Teaching is a craft. It’s both an art and a science, which is why great teachers always experiment and make tons of mistakes. But how do you know what’s actually working? Well, one option is Action research. Here you can identify a question, test out a strategy, gather data, and determine if it works. The end result is something dynamic, innovative, and tied directly to your classroom.
Action research dissolves the barrier between the participants and the researchers. In other words, the teacher actively participates in the situation while also conducting the research. There are many action research frameworks but they generally follow a similar process. You start out in Phase One:
Planning for Action Research.
Here you begin with an inquiry, where you define a specific research question. It needs to be something that can actually be tested.
Next, you conduct a literature review to gain a deeper understanding of the topic.
Finally, you move into the design process where you determine your data methods.
Consider ethical issues. Get the required permissions.
Create deadlines and set up the systems.
Next, you move into the action phase. This is where you engage in multiple cycles of experimentation and data collection. Your data collection might include qualitative data (like observations artifacts and interviews) or quantitative data (like rubric score surveys or achievement data).
After this, you move to analysis. You’ll often start by organizing the data with charts or graphs and looking for specific trends. You might also discuss it with peers, free write in a journal, or create a cluster map before eventually writing out your results.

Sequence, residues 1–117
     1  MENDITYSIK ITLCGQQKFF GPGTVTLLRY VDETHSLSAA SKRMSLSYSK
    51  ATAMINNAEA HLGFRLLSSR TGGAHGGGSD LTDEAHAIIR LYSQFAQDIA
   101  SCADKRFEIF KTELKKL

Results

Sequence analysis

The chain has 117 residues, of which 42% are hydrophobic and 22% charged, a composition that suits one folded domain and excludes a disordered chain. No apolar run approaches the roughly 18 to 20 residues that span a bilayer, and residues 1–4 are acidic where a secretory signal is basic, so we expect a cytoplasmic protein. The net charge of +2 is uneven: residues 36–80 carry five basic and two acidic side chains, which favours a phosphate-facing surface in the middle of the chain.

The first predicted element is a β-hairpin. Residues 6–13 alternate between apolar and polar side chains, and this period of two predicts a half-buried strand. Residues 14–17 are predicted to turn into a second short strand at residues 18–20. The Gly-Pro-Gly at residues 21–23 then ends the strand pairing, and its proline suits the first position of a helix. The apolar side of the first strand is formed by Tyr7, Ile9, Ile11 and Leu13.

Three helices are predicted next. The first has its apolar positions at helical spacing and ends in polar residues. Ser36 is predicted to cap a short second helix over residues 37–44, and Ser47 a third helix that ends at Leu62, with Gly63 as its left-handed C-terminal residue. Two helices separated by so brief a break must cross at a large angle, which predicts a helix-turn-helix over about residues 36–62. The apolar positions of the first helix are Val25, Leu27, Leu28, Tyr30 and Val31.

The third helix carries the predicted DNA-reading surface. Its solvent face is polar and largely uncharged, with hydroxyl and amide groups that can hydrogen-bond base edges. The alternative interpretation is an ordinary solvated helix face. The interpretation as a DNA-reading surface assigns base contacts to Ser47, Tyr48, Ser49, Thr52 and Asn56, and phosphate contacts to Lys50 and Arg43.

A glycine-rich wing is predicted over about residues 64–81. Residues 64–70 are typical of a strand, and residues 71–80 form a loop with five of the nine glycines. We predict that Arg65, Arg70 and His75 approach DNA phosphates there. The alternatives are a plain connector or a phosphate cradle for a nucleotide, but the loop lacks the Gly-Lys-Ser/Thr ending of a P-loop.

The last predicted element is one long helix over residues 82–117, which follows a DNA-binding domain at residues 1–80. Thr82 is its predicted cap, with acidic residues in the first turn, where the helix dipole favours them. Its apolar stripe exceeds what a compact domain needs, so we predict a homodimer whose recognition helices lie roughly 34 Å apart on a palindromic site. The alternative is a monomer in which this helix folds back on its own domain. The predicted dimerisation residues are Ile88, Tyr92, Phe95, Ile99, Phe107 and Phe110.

Finally, you have your conclusion. This is where you share your research with the world and reflect on your own practice. This will ultimately lead to newer questions and the cycle will continue as you refine your craft as a better, more creative, teacher.
Steps of Scientific methods
The steps of the scientific Research method is a systematic way to find answers to questions or problems
Identify the problem in Scientific Research.
what would you like to know problems are written in the form of a question
The Scientific research can be in the form of looking on the internet talking to other people reading scientific books magazines etc
Formation a hypothesis.
A hypothesis is an educated guess the hypothesis should be based on research or life experience
Design and Experiment
The experiment should be designed to test the hypothesis and during the experiment observations are used to collect measurable data the experiment will include three variables
first variable is the independent variable it is the part of the experiment that you change to see how it affects the dependent variable
the independent variable is always graphed on the x-axis
the dependent variable is the part of the experiment that changes in response to the independent variable the dependent the variable is always graphed on the y-axis and then you have control variables these are variables that should be held constant and are used for comparing in addition a large sample size increases the accuracy of the experiment and results and many times you need to repeat the experiment several times to ensure against errors that may be introduced
This is the information that you have gathered
Quantitative data is data that is numbered many times it is recorded on charts tables and graphs.
Qualitative data includes illustrations and photographs and this is data that is observed.
The conclusion and during the conclusion, you give a summary of the overall results and you state whether or not you accept or reject your hypothesis and then describe if there’s any practical application to what you have learned.